The most recent attacks on foreigners in Soweto and Kagiso that resulted in the deaths of 6 people and the looting of over 70 foreign owned shops, raises critical questions about the security of foreigners in a country that prides itself in the philosophy of Ubuntu. In the latest round of the South African leg of the Afrobarometer Survey, a substantial majority (88%) of respondents reported distrust of foreigners living in their country.
Findings on poverty, inequality and unemployment from Afrobarometer Surveys in South Africa.
A majority of Batswana would object to working or worshipping with someone who is in a same-sex relationship, but such intolerance is less pronounced among younger citizens, according to a new Afrobarometer survey.
The 2014 survey also shows that intolerance for same-sex orientation is stronger in rural areas than in urban areas.
These findings coincide with the recent High Court victory of the Lesbians, Gays, and Bisexuals of Botswana (LEGABIBO) allowing the organisation to be recognised and registered by the Director of National Registration.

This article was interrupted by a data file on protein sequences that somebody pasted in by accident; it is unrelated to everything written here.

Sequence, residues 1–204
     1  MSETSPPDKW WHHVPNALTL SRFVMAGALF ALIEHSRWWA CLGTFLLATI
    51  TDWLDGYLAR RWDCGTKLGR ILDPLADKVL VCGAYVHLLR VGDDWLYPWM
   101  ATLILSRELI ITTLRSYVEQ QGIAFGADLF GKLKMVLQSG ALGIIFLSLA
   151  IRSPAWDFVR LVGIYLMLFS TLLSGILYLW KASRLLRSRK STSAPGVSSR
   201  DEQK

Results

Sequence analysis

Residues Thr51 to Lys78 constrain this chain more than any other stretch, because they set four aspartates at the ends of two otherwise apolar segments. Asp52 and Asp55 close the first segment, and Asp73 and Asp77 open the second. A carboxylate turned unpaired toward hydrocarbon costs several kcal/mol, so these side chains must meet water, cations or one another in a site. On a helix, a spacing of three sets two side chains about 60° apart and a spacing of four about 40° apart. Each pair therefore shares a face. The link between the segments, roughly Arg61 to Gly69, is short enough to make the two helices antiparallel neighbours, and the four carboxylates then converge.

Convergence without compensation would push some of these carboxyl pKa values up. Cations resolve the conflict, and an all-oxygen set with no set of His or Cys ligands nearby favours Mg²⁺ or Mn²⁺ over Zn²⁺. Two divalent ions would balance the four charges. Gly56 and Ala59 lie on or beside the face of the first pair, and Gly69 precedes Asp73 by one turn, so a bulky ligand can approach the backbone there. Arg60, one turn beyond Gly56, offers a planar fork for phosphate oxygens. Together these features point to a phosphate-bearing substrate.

Some essential government services, ranging from piped water to electricity, are the cornerstone of proper living. The ease with which people access services affects their quality of life. Election campaigns usually revolve around promises to give the people easy access to services. People often vote a particular party into government primarily because people hope that the party is more poised than others to provide a set of desired services.
The Afrobarometer has been tracking public attitudes towards foreigners resident in South Africa since 2008 because of a vigorous public debate on immigration controls, attacks on foreigners from other African states and accusations of xenophobia. This bulletin reports response to the questions asked in Afrobarometer Round 5 which explores these attitudes as well as drawing public perception on this issue from the 2008 survey for comparison purposes.